Since time and Thanksgiving dinner wait for no man, or woman, or child, I will try to be brief in my words today. I want you to be thankful that you took the time to read this post. Hopefully, you’ll find some good thoughts to chew on during your family feasting.
There are so many tasty thanksgiving scriptures to choose from for a Thanksgiving Day post that at first I was overwhelmed.
My inability to “eat just one,” though, led me to ask myself that ultimate, clarifying question:
“ What would Jesus be thankful for ?”
A quick concordance study revealed that Jesus wasn’t really all that thankful. At least not in his words recorded in the gospels. I was surprised to find only two major occasions where Jesus is recorded giving thanks: the feeding of the multitudes (Matthew, Mark, John), and the last supper (Matthew, Mark, Luke). If you’re a fact checker, yes Jesus also thanked God in John 11:41 at Lazarus’ grave, but that was a special case. Let’s look at the two primary events where Jesus said “thank you” to God.
When Jesus fed the multitudes, Scripture says he took the few loaves and fishes the disciples could find, gave thanks for them, and then had his disciples distribute them. Those few loaves and fishes miraculously fed thousands, so generously that one passage says the people ate “as much as they wanted” and all were “filled.” It was not just enough food to get by, but a bountiful feast by the Sea of Galilee. In John’s account, that field is later described as “the place where they ate the bread after the Lord had given thanks.”
When Jesus met with his disciples in the upper room to celebrate their last Passover meal together, Scripture says that during the meal he gave thanks for the bread and the cup. He explained that the bread was his body, broken for them, and the wine was his blood, poured out for many for the forgiveness of sins. He gave thanks for the food as part of the Passover meal, but even more his thanks encompassed the spiritual realities that the bread and the cup would represent to his disciples after he was gone.
And that’s pretty much it. Jesus gave thanks those two times. But think about it for a moment. In the first instance, Jesus was thankful for God’s provision of physical food. In the second, Jesus was thankful for God’s provision of spiritual food. All about food. All about God. And then it struck me.
The Pilgrims of Plymouth Plantation celebrated their first feast of thanksgiving, a harvest festival, for two big reasons: first, to thank God for providing the food they needed in a bountiful fall harvest; and second, to thank God for His goodness and mercy in bringing them through their first winter. They gave thanks to God for physical food, and for spiritual food. Just like Jesus. And just like we should.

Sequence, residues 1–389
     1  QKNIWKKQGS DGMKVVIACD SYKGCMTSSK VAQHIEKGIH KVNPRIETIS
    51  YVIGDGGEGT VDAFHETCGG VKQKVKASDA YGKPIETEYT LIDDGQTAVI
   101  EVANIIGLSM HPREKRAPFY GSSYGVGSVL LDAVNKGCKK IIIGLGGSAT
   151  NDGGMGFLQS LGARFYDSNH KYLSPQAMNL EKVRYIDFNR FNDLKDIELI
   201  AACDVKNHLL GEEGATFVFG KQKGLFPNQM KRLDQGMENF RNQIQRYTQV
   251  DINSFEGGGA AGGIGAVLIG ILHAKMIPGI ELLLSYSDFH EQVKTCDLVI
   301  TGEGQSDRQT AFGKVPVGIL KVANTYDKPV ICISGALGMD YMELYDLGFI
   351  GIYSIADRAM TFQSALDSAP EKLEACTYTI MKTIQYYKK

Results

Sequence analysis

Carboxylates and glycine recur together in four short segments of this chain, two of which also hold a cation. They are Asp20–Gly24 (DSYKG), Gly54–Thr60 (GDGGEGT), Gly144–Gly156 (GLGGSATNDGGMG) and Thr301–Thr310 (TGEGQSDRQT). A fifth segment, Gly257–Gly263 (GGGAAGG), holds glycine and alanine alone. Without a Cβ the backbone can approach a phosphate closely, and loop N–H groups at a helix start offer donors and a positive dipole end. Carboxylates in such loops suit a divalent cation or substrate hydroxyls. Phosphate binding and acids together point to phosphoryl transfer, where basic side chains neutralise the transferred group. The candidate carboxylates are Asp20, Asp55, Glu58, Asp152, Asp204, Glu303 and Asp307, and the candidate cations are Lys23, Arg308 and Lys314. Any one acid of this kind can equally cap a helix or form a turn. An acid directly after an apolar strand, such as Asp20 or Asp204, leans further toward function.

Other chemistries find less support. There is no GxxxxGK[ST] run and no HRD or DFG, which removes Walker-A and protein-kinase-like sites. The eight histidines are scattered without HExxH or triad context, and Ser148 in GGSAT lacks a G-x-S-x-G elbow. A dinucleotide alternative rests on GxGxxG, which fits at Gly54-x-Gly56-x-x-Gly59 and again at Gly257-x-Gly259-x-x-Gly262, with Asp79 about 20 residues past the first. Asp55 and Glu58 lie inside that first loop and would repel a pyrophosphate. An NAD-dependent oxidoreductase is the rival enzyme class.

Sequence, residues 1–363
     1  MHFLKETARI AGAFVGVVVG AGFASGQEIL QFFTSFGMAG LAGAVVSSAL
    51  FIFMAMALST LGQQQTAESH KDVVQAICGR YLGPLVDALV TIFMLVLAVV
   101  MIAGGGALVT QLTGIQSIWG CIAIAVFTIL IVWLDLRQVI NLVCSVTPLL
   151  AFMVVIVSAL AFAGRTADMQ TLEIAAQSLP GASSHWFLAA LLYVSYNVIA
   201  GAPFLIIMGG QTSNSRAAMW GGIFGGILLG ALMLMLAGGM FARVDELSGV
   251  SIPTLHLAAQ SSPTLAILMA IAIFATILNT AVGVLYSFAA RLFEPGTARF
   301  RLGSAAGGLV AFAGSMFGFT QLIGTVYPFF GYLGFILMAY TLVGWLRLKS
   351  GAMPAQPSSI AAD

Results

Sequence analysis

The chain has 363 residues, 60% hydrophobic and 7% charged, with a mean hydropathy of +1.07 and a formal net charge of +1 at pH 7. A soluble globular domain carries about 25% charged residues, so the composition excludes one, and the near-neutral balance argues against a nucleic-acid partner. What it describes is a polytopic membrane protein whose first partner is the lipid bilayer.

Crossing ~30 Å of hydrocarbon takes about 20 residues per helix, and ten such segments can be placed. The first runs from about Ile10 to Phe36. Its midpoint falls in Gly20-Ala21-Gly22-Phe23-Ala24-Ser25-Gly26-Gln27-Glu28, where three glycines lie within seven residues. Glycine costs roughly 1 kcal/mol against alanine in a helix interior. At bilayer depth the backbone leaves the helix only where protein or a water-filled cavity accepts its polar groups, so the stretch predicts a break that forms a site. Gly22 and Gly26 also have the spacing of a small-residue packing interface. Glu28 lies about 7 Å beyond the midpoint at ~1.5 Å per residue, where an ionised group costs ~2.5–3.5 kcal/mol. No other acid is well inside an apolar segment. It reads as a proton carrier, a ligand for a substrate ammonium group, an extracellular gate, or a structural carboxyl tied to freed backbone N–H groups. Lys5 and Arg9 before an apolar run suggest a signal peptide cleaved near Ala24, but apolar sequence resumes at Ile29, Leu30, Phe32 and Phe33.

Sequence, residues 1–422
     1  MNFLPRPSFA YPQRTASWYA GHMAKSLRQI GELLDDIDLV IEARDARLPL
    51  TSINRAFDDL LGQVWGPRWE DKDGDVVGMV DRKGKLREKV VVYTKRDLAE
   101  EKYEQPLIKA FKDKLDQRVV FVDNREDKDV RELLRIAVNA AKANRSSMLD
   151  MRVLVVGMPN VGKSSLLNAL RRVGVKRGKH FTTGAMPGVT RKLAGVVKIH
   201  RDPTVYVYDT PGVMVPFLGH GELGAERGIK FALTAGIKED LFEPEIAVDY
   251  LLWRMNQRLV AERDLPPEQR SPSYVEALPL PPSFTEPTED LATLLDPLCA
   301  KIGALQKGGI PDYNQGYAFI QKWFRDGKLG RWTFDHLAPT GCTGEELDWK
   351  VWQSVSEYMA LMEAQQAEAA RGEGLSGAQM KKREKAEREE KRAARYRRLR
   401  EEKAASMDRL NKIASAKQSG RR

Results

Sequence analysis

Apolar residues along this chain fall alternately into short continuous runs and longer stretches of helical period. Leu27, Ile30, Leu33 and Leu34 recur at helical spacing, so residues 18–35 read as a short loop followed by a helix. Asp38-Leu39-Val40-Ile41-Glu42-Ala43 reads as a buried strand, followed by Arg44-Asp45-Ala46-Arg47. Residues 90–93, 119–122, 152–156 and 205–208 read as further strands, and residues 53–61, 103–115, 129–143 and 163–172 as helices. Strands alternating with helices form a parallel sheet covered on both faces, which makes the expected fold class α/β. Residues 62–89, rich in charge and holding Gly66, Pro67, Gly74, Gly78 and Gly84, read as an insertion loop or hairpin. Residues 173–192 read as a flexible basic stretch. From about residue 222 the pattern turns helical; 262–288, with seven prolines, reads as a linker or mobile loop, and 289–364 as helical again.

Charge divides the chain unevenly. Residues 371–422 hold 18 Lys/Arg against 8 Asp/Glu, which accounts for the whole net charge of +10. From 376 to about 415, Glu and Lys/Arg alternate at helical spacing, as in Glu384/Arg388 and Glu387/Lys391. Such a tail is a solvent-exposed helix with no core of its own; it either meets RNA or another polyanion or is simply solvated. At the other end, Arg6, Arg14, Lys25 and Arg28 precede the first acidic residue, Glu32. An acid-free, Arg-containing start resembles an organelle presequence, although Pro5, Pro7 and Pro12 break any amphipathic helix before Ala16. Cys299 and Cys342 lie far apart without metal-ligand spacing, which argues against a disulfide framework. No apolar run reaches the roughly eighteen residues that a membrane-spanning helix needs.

No matter where we’ve shared the Thanksgiving meal with others over the years, I’ve noticed a kind of universal, de facto, dinner table Christian tradition. Before the eating begins, the question is posed that each person around the table is expected to answer: “What is one thing you are thankful for this year?” Older eaters know the easy answers like family, health, and “blessings” that will keep the relay moving along the fastest; younger eaters are often shy or blurt out whatever is first on their minds, whether friends, toys, trips, pets, or candy. In reality, of course, all eyes are on the table of delectable bounty.
I know I’m meddling now, but this year, why not try asking a new question, or actually two questions: “What physical food from God on this table are you most thankful for, and what spiritual food from God in your life are you most thankful for this year?”
Every kid will champ at the bit to answer the first question, and every grown up will have to ditch their default answers and think just a little harder about that second question. But that’s all good, and the dinner won’t get cold. And if there’s any pushback, just say, “We’re following Jesus’ example this year. Don’t you think that’s a great idea?”
So, have a hearty, joyful, and good Thanksgiving with your family. Be thankful for the bountiful provision of the physical food he has given us to enjoy, and for the promised provision of spiritual food that fills us with gratitude and praise. And thank God for a wonderful family holiday like Thanksgiving!
Now…pass the turkey, please.